Remenham – 11 December 2016

The church at Remenham was the starting point of a very enjoyable walk along the Thames towards Hambleden, led by Sally Rankin. It was a beautiful and sunny winter’s afternoon and we still found a few wild plants in flower, such as Hogweed and White Dead-Nettle. Other plants were still recognisable from their fruits, such as Canadian Fleabane, Sticky Mouse-ear, Yarrow, Gypsywort, Ribwort Plantain, Dandelion and Water Figwort. First year Wild Angelica leaves were recognised as such because they were trifoliate and had red nodes. We also saw quite a few species of birds on the Thames such as Swans, Tufted Duck, Mallard and Great Crested Grebes (one adult and two young ones), and we heard the sound of a Tawny Owl. Canada Geese were grazing in the adjacent fields. When we walked passed Temple Island, Sally told us that the Henley Regatta started here. This afternoon quite a few rowers were practising on this stretch of the Thames. Sally also pointed towards ponds on the other side of the River in which local populations of toads release their spawn. When the toads migrate to these ponds in February/March, they have to cross the busy Henley to Marlow Road. They do this at dusk, the time of the rush hour. This has caused many casualties, so there is now a Toad Rescue group. A barrier is placed in the woods and here the toads are picked up and transferred safely to the ponds.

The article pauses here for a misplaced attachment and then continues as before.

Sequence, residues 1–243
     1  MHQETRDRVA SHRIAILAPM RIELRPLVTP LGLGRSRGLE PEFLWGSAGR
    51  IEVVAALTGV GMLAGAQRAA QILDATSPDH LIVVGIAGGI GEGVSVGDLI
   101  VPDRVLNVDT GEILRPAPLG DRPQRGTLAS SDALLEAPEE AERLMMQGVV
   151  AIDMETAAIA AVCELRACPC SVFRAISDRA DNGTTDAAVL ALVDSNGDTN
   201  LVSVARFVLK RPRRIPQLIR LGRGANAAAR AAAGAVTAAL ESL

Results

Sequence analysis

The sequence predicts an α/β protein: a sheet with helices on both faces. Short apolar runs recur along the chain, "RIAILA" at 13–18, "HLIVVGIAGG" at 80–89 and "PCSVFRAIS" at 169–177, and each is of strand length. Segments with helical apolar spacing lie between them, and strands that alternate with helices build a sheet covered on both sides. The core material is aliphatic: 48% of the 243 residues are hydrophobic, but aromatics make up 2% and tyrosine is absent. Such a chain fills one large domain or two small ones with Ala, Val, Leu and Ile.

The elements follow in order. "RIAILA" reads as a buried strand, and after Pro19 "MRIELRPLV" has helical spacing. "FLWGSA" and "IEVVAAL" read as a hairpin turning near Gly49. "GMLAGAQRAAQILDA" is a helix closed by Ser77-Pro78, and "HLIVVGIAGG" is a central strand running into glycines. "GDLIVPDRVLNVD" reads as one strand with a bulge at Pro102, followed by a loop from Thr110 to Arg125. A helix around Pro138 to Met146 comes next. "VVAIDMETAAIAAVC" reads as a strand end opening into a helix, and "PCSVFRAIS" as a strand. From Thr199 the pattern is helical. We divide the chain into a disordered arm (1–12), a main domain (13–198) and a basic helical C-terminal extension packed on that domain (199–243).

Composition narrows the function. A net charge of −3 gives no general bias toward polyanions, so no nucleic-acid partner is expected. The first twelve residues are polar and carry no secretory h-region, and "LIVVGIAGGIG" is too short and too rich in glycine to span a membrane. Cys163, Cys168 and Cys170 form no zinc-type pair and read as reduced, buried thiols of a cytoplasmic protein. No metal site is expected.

When we continued our walk, we saw several more plants in fruit along the Thames, which included Shephard’s-purse, Black Bryony, Reed, Meadowsweet, Hemp Agrimony, Purple Loosestrife, Perforate St John’s-wort, Bittersweet and Great Willowherb. The Alder catkins for next spring were already visible. There were Mole hills in the grass along the path, a Red Kite flew over and a Cormorant was swimming in the water. When we reached Hambleden Lock, we looked at a Paddle Steamer that had just arrived there. Jolly passengers were outside on deck and they seemed to have been wining and dining downstairs on the boat. After this intermezzo we went back along different paths through the countryside via Aston. Red Dead-nettle was in flower here and Groundsel, Dark Mullein and Mugwort in fruit. We saw a flock of Long-tailed Tits in a tree. The path led back to the churchyard at Remenham, in the neighbourhood of which our cars had been parked.

Report by Renée Grayer

Pictures by Rob Stallard

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